To understand the world we have to understand its stories and to understand the world’s stories we must understand the world’s storytellers. A century ago and longer those people would have been the novelists of any particular country but since the invention of film, the storytellers who reach the most people with their ideas and their lessons have been the screenwriters. My teaching philosophy is that: Words matter, Writers matter, and Women writers matte, r so women writers are my focus because they have been the far less researched and yet they are over half the population. We cannot tell the stories of the people until we know what stories the mothers have passed down to their children. Those are the stories that last. Now is the time to research screenwriters of all cultures and the stories they tell because people are finally recognizing the work of writers and appreciating how their favorite stories took shape on the page long before they were cast, or filmed, or edited. But also because streaming services make the stories of many cultures now available to a much wider world than ever before.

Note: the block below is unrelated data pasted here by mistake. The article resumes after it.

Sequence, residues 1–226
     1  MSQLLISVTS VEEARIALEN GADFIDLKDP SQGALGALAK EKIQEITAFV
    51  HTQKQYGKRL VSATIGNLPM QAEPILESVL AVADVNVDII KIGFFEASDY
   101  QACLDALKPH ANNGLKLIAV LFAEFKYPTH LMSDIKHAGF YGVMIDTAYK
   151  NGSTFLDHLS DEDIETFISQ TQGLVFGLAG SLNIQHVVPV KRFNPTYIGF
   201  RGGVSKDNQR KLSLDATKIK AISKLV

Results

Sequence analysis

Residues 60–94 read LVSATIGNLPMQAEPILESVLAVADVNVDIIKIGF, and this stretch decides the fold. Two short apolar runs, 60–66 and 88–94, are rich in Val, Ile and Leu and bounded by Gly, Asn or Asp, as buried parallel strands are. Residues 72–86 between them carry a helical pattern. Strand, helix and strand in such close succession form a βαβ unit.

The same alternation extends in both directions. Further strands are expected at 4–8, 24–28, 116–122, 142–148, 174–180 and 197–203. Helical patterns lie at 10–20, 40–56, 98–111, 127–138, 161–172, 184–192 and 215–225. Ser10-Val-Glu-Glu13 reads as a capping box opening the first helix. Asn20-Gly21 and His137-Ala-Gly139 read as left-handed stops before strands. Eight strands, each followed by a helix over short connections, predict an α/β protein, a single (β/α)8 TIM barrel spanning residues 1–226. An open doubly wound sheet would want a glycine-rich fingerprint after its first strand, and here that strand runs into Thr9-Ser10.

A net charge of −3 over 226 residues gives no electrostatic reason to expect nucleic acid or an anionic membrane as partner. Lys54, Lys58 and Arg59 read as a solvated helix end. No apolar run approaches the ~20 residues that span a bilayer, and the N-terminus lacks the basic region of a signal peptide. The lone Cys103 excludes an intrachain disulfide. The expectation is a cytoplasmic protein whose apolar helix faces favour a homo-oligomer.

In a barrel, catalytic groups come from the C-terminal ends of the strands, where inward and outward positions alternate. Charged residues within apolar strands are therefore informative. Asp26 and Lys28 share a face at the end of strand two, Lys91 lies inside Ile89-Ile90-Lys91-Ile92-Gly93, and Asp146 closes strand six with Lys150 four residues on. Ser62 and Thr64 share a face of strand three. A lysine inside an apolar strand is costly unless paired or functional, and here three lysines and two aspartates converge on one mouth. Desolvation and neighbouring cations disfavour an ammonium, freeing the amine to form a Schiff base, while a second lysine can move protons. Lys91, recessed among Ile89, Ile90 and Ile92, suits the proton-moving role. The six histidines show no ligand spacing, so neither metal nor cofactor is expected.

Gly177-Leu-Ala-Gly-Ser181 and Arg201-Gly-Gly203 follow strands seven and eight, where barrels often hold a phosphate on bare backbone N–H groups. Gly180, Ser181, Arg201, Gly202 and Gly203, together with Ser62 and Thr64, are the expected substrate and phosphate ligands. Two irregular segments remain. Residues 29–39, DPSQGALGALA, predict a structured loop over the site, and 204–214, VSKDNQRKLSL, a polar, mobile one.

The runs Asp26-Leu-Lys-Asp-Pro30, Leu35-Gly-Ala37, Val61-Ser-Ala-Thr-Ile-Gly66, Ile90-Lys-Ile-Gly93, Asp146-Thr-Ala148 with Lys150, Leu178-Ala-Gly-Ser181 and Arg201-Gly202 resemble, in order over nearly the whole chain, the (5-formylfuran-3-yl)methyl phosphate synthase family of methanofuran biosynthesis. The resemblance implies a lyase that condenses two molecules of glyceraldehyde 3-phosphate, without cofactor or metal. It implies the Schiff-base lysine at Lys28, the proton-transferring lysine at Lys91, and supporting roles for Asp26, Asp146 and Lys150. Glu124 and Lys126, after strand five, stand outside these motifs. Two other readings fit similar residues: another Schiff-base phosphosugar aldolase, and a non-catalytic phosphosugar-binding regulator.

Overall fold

Many thanks to Glaucia Davino for the invitation.


 

* A portion of each sale from Amazon.com directly supports our blogs
** Many of these books may be available from your local library. Check it out!
† Available from the LA Public Library

Reel Sisters of the Diaspora Film Festival Script Breakdown Session with Dr. Rosanne Welch and Dawn Comer Jefferson – Sunday, October 25, 2020

Reel Sisters of the Diaspora Film Festival Script Breakdown Session with Dr. Rosanne Welch and Dawn Comer Jefferson - Sunday, October 25, 2020